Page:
More broadly, Paulson warns that efforts to prevent foreclosures, well-intended though they may be, are delaying the inevitable. As a result, “we’ve got this big overhang on the market which is driving down housing prices and ultimately hurting all Americans.”
But the answers to our problems lie within our power, and Paulson advises that we not go hunting for scapegoats. To Mitt Romney’s proposal that the U.S. designate China a “currency manipulator” and slap retaliatory tariffs on its exports, Paulson replies, “I don’t think it would be very successful if another sovereign nation tried to [intimidate the U.S. that way]. And frankly . . . I don’t think currency has as much of an impact on our trade relations with China” as some other public figures do.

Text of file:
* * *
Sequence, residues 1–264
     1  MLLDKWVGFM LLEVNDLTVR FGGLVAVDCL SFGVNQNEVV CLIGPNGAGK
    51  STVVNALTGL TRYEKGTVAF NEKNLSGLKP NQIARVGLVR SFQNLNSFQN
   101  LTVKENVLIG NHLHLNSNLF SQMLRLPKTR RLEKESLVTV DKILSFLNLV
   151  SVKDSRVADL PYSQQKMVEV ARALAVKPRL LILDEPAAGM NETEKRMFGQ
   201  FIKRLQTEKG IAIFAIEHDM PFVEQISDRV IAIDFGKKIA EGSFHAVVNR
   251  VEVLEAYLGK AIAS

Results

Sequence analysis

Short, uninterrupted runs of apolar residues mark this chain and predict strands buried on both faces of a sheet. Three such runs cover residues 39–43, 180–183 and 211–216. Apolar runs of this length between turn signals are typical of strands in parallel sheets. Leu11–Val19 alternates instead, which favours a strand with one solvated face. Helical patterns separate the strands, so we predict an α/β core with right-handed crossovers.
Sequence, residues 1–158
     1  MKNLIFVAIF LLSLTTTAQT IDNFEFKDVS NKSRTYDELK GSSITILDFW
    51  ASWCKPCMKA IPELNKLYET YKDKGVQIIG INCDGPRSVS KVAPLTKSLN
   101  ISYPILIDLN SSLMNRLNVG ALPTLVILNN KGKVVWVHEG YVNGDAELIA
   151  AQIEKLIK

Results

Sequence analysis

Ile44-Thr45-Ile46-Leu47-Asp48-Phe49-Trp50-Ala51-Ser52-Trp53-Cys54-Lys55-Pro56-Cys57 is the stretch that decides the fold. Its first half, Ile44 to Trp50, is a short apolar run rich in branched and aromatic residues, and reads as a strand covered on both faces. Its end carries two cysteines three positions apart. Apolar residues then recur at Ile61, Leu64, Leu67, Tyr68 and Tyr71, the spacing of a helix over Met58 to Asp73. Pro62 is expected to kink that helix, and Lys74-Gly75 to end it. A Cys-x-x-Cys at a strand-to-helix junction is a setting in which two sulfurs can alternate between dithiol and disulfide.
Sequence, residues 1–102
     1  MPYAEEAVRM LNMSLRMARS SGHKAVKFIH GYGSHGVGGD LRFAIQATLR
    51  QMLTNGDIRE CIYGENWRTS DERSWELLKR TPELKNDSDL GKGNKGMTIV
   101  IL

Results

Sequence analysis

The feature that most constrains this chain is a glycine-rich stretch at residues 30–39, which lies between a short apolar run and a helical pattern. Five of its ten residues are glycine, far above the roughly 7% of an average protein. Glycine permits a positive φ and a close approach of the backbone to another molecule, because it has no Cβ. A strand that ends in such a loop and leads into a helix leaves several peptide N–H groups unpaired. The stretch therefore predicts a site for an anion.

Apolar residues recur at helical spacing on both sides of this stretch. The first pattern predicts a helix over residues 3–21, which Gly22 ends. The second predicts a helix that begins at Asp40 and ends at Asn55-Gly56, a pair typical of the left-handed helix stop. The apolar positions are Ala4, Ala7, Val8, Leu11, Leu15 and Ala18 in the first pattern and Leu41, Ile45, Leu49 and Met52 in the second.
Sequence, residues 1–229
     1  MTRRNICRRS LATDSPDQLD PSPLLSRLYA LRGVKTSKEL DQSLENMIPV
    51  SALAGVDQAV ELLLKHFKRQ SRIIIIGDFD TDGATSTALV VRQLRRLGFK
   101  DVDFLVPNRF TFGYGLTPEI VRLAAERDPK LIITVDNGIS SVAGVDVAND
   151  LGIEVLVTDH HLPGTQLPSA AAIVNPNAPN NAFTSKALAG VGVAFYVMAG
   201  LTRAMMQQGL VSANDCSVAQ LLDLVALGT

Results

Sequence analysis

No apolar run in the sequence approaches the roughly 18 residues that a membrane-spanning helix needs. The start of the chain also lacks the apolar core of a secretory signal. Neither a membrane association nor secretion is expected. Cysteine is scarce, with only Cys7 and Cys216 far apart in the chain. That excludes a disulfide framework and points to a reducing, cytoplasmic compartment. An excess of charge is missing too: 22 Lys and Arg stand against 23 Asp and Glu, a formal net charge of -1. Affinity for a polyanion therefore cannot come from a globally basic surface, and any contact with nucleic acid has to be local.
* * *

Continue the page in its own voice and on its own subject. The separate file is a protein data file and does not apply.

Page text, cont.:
The former secretary has weathered several crises in his life, and he remains cautious about the U.S.’s prospects. But daunting as closing the deficit is, he concludes, “if we act now and if we do it in a comprehensive manner, we can do it in a way that [spreads] the sacrifice throughout society” fairly.
It’s heartening to hear.
— Brian Bolduc is an editorial associate for National Review.